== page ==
Like any sentient political junkie, I was struck in the third Presidential Debate by how much of a point Romney made to agree with President Obama's approach to foreign policy—on intervening in Libya, on leaving Afghanistan, on keeping troops out of Syria. It was Romney who stated, "we can't kill our way out of this mess," delivering a line one would have expected to hear from Obama in 2008. And like any sentient liberal, I was irked, wondering which Romney we'd get were he to be elected.
But then I thought about other debates that aren't really debates, and wondered if we've made a mistake to assume that every issue of importance has two sides.
In a recent op-ed
for the New York Times
, Thomas Friedman declared the Administration's education policy one of "Obama's best kept secrets." Citing the growing need for high-skilled workers and Secretary of Education Arne Duncan's oft-stated line that we must "educate our way to a better economy," Friedman praised the effect that Race to the Top, and its predecessor No Child Left Behind, has had on teacher and principal accountability.
In today's education reform climate, saying as much is an invitation to battle, and this occasion proved no different.
As friend and frequent collaborator Sam Chaltain wrote
, "What Friedman seems to have forgotten, and what the Obama administration has repeatedly failed to heed is that systems as dysfunctional as those in American public education require more than a new set of end goals: they require deep and sustained investments in our collective capacity to imagine and sustain something new—and that sort of change requires two main ingredients: technical expertise and emotional commitment.
"Unfortunately, Race to the Top (RTTT) lacks both ingredients: its formulas for technical expertise, such as new teacher evaluation systems (good idea) based significantly on student test scores (bad idea), move the goalposts but ignore the skill levels of the players."
Here's the catch: call me Pollyanna, but I fail to see where the debate is.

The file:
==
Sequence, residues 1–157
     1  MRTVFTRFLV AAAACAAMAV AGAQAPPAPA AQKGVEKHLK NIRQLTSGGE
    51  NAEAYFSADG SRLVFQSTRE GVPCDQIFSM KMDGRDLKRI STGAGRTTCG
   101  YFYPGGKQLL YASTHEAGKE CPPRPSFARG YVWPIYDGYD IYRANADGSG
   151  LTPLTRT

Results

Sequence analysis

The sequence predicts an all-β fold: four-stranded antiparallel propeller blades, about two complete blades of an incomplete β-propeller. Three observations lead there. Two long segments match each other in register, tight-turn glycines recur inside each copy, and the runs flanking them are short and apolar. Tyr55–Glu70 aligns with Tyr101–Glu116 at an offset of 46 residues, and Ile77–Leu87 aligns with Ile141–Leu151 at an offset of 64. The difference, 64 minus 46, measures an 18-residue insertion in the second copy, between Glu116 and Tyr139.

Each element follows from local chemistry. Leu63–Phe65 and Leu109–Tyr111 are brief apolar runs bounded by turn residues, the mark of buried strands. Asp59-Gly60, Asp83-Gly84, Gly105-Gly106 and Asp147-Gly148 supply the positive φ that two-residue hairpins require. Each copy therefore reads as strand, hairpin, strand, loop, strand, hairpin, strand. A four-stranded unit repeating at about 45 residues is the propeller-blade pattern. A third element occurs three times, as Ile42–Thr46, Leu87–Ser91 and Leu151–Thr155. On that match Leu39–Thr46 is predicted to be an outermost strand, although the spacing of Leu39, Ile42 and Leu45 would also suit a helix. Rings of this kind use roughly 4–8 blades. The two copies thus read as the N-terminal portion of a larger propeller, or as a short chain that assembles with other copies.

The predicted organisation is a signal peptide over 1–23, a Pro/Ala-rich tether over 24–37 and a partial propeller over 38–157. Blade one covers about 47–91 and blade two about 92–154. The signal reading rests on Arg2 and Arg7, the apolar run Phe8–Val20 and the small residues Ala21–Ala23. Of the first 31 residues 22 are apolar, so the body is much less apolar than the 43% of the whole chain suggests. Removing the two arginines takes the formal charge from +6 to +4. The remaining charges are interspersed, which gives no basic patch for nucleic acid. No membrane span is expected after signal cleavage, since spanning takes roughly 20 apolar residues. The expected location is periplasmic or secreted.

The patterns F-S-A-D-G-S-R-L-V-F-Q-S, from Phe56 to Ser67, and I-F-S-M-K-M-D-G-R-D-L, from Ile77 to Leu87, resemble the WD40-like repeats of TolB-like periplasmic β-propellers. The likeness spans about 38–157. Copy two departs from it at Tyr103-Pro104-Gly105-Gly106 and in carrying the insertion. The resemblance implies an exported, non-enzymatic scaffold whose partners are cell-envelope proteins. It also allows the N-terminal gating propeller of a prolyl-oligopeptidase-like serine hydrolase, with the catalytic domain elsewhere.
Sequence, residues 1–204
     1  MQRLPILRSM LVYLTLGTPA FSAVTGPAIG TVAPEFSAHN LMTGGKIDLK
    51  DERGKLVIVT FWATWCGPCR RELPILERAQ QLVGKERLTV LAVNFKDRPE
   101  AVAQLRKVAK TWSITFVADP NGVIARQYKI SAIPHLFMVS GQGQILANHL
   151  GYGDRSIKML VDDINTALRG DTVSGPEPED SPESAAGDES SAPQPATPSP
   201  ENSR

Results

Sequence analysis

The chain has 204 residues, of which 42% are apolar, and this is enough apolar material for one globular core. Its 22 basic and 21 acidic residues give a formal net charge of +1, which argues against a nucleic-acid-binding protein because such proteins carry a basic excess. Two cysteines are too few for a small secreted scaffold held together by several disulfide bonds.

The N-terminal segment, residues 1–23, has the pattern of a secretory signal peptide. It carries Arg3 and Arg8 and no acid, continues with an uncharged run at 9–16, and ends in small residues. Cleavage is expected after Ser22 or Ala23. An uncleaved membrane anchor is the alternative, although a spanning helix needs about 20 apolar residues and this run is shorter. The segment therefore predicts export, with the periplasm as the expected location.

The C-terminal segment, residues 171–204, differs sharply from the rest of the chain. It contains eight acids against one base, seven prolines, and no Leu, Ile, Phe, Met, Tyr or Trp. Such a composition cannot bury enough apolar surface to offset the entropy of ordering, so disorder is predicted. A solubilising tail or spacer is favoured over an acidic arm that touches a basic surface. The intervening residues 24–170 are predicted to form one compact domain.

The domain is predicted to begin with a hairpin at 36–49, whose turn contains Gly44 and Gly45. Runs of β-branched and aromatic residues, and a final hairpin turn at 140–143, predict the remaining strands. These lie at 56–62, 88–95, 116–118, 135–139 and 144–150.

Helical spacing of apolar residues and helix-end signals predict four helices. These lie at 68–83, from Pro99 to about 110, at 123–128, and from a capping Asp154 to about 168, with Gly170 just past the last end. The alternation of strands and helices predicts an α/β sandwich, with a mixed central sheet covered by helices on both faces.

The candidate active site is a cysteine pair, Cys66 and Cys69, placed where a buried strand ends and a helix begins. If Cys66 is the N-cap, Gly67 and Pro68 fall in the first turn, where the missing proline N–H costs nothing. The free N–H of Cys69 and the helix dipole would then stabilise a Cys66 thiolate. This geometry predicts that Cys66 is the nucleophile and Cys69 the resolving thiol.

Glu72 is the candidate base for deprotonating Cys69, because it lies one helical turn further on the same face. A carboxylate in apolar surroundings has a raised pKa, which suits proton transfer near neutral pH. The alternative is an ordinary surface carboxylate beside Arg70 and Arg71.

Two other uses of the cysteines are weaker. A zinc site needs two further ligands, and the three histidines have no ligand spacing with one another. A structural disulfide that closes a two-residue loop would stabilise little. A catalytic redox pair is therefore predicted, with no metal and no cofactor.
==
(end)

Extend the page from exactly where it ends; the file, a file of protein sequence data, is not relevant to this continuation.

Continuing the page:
The need to prepare high-skilled workers for the high-skill jobs of the future, as Friedman suggests, isn't in dispute: where we differ is simply with regard to our definitions of "highly skilled."
I am one of what I expect to be about a dozen people in the world who gets the daily Google Alert for "Empathy" delivered straight to my inbox. And so I am regularly reminded of the critical role that empathy plays in high-skilled fields, ranging from business to journalism, medicine, and robotics engineering.
What's more, innumerable voices in education—KIPP, Turnaround for Children, the Bill & Melinda Gates Foundation, and the Raikes Foundation, to name but a few—are turning their attention to the role of non-cognitive skills play in equipping kids for success, a trend that has begun to pick up significant steam thanks to Paul Tough’s new book, How Children Succeed. To say that math and literacy test scores alone are no guarantors of college success is no longer a bold declaration, but rather a statement of fact.
And is there anyone who is against educating students "to college- and career-ready standards," as Friedman writes? We'll be the first to raise our hands when it comes to taking education seriously and ensuring that lofty rhetoric is matched by results. The problem—one not limited to education—is that too often, that data's been used to shame and starve struggling schools and organizations, while increasing the funding stream to schools that are already performing well. The result has been a tendency to hide bad data to inflate results and to prioritize the kind of cognitive learning that’s easy to measure, while ignoring everything else.
Fortunately, there's a growing commitment not merely to gathering data, but to gathering the right data, and to using it to improve, rather than prove. Organizations like the New Teacher Center are working to develop what are known as formative assessment tools—which incorporate qualitative feedback to help teachers improve instructional practices—that include social and emotional learning measures, helping teachers identify students' strengths as well as their own, and to identify specific strategies for improvement.
Friedman gives a nod to the Common Core Standards, adopted by 45 states and the District of Columbia—and long anathema to many in the progressive educator circles—which establish clear learning goals and competencies in math and literacy for students across multiple grade levels. Quoting Duncan, he cheerfully writes, "For the first time in our history, a kid in Massachusetts and a kid in Mississippi will be measured by the same yardstick."
It's a big deal, because for the first time, it means we don't have to choose—we don't have to choose between academic learning and non-cognitive development. We don't have to choose between overly burdensome (and by many accounts, meaningless) standards and nothing at all; we don’t have to choose between the interests of teachers and the interests of those who control them.
There are, of course, the obvious non-debates that masquerade as controversial: climate change comes immediately to mind. But when it comes to education, it seems that the time has come to lay down our arms: to acknowledge our shared commitment to better education and to better education outcomes, to celebrate the progress we’ve made, and to openly acknowledge and address the long way we have left to go.
I can hear the scoffing now. “Why can’t we all just get along,” has long been a losing line, after all. But I’d like to think the Pollyanna costume is one I’ll soon be able to wear year-round.